The Prime Minister shared the government’s further plans to reinvigorate the economy as a more localised approach to COVID-19 was introduced this week.

Stock markets remain broadly positive as they reflect on the increasing level of stimulus being offered by central banks across the world. Understandably, many are agreed on where we want to go, but the precise details of how that will be achieved remains unclear. So please talk to us about how we can help with planning and “what if” scenarios, taking some time to set targets and reviewing your options is essential just now.

In this newsletter we remind you to be extra careful about pension scams which are becoming more frequent during these tough times.

 Flexible furlough information collection forms

The big news this week is the introduction of Flexible Furlough for employees from 1 July. The good news is we have developed an information collection form in PDF and Excel format so you can accurately record whether employees are full time, furloughed or part working and part flexible.

furlough collection information

furlough collection information

If you would like the information collection form please contact us and will can email it to you with guidance notes and a link to a training video or see the Job Retention Section of the client resources website: https://clientresources.co.uk/coronavirus-job-retention-scheme/

We have also developed a claim calculator to give you an estimate of how much you can expect per claim. Please talk to us about running the figures through if you would like to know this.

Check if you can claim for you employees’ wages through the coronavours job retention scheme – Flexible furlough claims now open

Employers can now submit furlough claims for periods starting on or after 1 July.

If you cannot maintain your workforce because your operations have been affected by coronavirus (COVID-19), you can furlough employees and apply for a grant to cover a portion of their usual monthly wage costs where you record them as being on furlough.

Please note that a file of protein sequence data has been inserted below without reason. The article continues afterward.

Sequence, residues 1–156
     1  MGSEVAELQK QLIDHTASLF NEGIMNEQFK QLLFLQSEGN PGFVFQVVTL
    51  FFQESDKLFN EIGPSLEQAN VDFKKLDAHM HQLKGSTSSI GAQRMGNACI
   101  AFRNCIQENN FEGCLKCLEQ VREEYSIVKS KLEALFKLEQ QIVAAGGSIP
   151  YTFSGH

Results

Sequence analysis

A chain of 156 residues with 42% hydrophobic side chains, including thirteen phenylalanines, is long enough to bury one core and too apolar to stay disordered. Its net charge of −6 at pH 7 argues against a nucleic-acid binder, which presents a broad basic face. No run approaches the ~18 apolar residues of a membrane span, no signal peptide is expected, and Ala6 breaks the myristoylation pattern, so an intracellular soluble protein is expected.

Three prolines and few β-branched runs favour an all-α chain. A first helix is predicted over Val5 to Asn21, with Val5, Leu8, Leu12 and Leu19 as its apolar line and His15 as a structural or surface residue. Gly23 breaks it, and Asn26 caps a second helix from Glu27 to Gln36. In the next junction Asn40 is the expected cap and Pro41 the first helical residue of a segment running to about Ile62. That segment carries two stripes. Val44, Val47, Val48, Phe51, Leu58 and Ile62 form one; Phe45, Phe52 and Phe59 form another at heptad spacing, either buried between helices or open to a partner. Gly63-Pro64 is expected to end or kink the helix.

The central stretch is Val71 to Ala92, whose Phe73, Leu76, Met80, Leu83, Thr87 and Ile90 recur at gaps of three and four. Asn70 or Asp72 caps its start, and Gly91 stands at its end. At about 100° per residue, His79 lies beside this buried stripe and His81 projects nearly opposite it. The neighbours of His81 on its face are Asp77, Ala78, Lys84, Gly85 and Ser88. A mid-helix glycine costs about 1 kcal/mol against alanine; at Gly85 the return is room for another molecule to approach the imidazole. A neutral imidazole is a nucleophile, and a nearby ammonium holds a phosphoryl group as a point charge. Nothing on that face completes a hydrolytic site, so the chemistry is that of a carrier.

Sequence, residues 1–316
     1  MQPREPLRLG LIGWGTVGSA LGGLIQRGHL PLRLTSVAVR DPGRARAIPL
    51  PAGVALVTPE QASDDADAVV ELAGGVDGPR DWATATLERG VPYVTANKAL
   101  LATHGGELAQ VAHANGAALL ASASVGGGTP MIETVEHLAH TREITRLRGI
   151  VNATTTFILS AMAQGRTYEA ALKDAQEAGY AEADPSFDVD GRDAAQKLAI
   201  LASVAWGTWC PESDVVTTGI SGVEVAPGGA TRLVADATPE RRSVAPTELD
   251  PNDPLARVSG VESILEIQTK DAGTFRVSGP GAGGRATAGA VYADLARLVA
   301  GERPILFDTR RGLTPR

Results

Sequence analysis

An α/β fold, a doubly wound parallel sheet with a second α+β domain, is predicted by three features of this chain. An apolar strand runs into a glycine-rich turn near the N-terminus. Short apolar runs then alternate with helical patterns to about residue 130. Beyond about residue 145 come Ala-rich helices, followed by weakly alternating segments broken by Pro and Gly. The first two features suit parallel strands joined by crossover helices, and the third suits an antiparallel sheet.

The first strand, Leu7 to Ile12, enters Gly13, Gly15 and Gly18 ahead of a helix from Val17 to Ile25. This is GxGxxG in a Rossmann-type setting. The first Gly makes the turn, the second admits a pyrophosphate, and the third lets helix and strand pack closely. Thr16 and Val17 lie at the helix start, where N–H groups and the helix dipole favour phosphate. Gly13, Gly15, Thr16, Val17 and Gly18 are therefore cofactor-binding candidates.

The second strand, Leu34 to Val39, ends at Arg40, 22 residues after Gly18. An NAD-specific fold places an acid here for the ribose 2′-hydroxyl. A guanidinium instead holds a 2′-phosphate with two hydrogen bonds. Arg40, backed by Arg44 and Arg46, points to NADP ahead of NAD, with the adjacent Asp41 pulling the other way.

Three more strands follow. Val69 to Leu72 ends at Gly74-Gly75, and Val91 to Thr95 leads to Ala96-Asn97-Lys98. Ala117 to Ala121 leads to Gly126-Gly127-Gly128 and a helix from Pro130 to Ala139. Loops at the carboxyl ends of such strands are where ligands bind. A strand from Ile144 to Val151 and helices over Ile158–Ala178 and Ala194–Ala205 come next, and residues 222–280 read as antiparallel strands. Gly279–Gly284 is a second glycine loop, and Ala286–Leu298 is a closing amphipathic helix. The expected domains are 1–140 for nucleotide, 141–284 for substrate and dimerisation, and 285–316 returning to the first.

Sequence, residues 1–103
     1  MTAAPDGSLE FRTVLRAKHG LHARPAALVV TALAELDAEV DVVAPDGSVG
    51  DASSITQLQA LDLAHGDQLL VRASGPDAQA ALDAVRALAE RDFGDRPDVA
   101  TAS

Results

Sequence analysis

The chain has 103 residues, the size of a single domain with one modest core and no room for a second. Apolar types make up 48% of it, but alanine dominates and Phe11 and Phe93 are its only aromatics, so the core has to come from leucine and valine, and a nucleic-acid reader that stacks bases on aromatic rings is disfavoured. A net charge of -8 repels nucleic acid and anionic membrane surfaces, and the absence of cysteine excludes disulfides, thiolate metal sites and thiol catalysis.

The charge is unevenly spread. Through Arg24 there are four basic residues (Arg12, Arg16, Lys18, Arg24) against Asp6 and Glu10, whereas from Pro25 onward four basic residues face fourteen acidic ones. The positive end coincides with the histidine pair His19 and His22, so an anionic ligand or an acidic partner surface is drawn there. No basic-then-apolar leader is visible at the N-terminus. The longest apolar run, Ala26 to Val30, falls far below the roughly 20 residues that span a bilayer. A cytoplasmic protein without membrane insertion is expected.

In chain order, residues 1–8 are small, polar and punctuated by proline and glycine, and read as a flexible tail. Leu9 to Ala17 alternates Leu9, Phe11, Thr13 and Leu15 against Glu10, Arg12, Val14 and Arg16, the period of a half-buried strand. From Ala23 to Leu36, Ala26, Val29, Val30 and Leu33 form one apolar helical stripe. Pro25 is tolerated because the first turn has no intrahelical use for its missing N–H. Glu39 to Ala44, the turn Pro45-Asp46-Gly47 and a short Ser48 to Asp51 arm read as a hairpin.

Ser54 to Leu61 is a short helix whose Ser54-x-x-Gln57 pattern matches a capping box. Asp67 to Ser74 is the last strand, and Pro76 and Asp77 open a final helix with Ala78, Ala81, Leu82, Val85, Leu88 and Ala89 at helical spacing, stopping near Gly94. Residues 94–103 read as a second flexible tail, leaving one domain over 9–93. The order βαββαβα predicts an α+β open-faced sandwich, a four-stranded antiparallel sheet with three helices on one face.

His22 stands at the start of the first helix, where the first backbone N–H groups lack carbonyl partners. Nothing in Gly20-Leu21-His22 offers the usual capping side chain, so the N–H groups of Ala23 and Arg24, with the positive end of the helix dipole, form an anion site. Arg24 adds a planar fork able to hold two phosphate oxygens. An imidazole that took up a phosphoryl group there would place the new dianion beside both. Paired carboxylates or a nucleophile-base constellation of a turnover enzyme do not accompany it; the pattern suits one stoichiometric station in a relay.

From 1 July, employers can bring furloughed employees back to work for any amount of time and any work pattern, while still being able to claim the grant for the hours not worked. From this date, only employees that you have successfully claimed a previous grant for will be eligible for more grants under the scheme. This means they must have previously been furloughed for at least 3 consecutive weeks taking place any time between 1 March and 30 June 2020. For the minimum 3 consecutive week period to be completed by 30 June, the last day an employee could have started furlough for the first time was 10 June. This may differ if you have an employee returning from statutory parental leave.

From 1 August 2020, employers will be asked to contribute towards the cost of their furloughed employees’ wages.

Who can claim?

You can claim for any employees you have furloughed if you have:

  • furloughed that employee for at least 3 consecutive weeks between 1 March and 30 June 2020
  • a UK PAYE scheme started on or before 19 March 2020
  • enrolled for PAYE online
  • submitted a report under the Real Time Information (RTI) reporting system for that employee on or before 19 March 2020
  • a UK bank account

For employees that meet the criteria above, the amount you claim for in any single claim period starting from 1 July cannot exceed the maximum number of employees you claimed for under any claim ending by 30 June.

For example, an employer had previously submitted three claims between 1 March 2020 and 30 June, in which the total number employees furloughed in each respective claim was 30, 20 and 50 employees. Then the maximum number of employees that employer could furlough in any single claim starting on or after 1 July would be 50.

Agreeing to furlough employees

Employers should discuss with their staff and make any changes to the employment contract by agreement. When employers are making decisions in relation to the process, including deciding who to offer furlough to, equality and discrimination laws will apply in the usual way.

To be eligible for the grant, employers must have confirmed to their employee (or reached collective agreement with a trade union) in writing that they have been furloughed. You must:

  • make sure that the agreement is consistent with employment, equality and discrimination laws
  • keep a written record of the agreement for 5 years
  • keep records of how many hours your employees work and the number of hours they are furloughed (i.e. not working)

The employee does not have to provide a written response and you do not need to place all your employees on furlough.

Prior to 1 July 2020, employees on furlough cannot undertake any work for you other than training. From 1 July, you will: